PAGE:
And in the cargo bay, Captain Corsair sat before the three cases containing the reward that he now technically might not get to collect, on account of perhaps being dead. He had crept from his own room before — mere clicks before Lis made up her own mind to sneak out herself — to come and examine his treasure. If it were made of small, portable units — jewels, perhaps, or golden laurel coins — he could perhaps spirit enough of it away in his boots or the pockets of his cloak to ensure that he and Bosun Little did not escape from this adventure unrewarded.

The notion that they would, indeed, escape, was never in doubt to the Captain.

He chose one case at random, the middle one, and reached for its clasp, wondering how quietly he could pry it open.

“I wouldn’t,” said Story, bumping softly down the stairs from the main deck.

The Captain raised his eyebrows in surprise, and made another gesture toward the middle chest. Story shook his head warningly.

Corsair gestured inquisitively toward the first case, and then the third.

“I wouldn’t,” Story repeated, and rolled over to his recharging station to dream of nursery rhymes and combat manuevers.

“Hmm,” the Captain nodded, and smiled at his hosts’ cleverness. He patted the tops of the chests lightly, as if to assure them that he’d be back. Possibly with some sort of extensive scanning equipment. Then he stole back up to his cabin and slipped inside, never aware that he’d almost had a visitor in his absence.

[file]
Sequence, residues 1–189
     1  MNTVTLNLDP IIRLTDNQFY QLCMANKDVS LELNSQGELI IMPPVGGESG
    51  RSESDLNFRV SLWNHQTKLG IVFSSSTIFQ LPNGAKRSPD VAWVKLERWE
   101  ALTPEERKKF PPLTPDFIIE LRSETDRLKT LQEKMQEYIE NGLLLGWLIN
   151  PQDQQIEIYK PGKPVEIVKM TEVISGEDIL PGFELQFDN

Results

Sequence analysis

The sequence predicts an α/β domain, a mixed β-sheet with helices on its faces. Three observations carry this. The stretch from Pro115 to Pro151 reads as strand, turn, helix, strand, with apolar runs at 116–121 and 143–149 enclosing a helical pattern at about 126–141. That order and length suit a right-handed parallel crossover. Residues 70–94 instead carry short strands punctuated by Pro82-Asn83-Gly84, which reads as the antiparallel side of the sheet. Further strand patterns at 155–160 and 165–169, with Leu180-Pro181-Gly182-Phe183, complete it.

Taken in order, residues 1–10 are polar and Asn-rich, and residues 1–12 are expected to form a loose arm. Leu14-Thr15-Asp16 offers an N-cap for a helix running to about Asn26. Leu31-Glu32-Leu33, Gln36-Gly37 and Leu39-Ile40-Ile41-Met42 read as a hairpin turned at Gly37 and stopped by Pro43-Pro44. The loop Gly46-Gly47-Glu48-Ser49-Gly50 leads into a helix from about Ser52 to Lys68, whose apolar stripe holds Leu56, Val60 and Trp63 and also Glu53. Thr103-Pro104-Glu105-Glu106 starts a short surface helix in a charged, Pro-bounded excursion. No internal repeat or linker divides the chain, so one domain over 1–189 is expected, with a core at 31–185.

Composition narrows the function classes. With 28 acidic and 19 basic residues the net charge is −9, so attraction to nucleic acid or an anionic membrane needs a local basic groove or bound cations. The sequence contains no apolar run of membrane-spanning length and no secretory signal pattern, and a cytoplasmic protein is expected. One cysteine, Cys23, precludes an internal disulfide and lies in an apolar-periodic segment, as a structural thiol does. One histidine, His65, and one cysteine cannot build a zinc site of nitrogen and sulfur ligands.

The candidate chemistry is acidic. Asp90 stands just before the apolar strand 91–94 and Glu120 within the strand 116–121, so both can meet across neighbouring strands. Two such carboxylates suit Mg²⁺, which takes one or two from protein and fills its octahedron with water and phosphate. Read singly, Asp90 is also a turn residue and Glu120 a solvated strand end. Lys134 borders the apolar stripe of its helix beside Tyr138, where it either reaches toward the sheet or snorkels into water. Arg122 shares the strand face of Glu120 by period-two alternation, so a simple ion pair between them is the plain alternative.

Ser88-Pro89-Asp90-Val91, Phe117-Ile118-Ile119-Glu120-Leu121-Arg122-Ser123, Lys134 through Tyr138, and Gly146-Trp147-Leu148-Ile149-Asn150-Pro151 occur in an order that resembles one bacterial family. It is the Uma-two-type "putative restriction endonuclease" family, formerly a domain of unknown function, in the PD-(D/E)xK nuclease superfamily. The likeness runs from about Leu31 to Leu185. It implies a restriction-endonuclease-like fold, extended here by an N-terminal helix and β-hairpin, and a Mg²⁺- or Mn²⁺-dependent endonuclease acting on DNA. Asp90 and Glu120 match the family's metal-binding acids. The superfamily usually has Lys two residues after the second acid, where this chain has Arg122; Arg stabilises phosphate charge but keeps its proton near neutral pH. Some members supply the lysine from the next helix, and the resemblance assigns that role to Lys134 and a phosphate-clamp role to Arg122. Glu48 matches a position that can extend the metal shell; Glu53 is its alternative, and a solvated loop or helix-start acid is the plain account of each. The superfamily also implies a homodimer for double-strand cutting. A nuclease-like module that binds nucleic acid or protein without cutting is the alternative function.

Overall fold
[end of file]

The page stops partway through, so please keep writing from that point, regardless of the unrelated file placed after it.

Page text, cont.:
Time didn’t exist in the black room. The light was always just bright enough to see by, just dim enough to sleep. There was a privy and a sink in one corner, a surprisingly comfortable bed with soft black sheets in another, and the doorway. Nothing more.

For a time, after the Wee Ones had dumped them here, Dent and Pebble had shouted and banged on the door. They gave up on the shouting after their voices grew hoarse. And they stopped the door-battering when one of the interlocking lattice of Wee Ones that had folded itself to form the door turned its mirror face toward them and took a menacing swipe with one pointy appendage.

No bells sounded through the strange ship — at least, not in this portion of it. Day and night soon blended into a hazy blur. Food arrived through a bristling gap in the Wee Ones blocking the door, three times a day. It was simple and bland — clean water and simple nutrient-wafers. Neither of them liked the food, but both of them were hungry. So they ate.

Dent’s sonic knife seemed to have little effect on the black walls or the onyx floor. He could use it to etch pictures on them, but he couldn’t really see the drawings, and besides, it ran down the battery.

Dent and Pebble ate when they were hungry, slept when they were tired, and tried to amuse themselves the rest of the time. They played catch with the ball of pseudosilk, until that got old. Dent would march the army man from his father’s model up and down the walls, but without any squadmates or interesting terrain, the campaigns proved uneventful. Pebble tried tapping out tunes with the silver spoon. They tried flipping the coin and seeing how many times it came up heads, but the results were ultimately uniform.

So at last they were just left to talk, discussing their favorites of Story’s bedtime tales, and talking about what might happen in Part Five of The Caravan’s Escape. Sometimes they fought, out of boredom, and then grudgingly reconciled.

If they had been able to see Sir Leslie Murther down in the craft’s vast kitchen, whistling a cheerful tune as he inspected his fine and extensive selection of very sharp implements, they would have been far more frightened.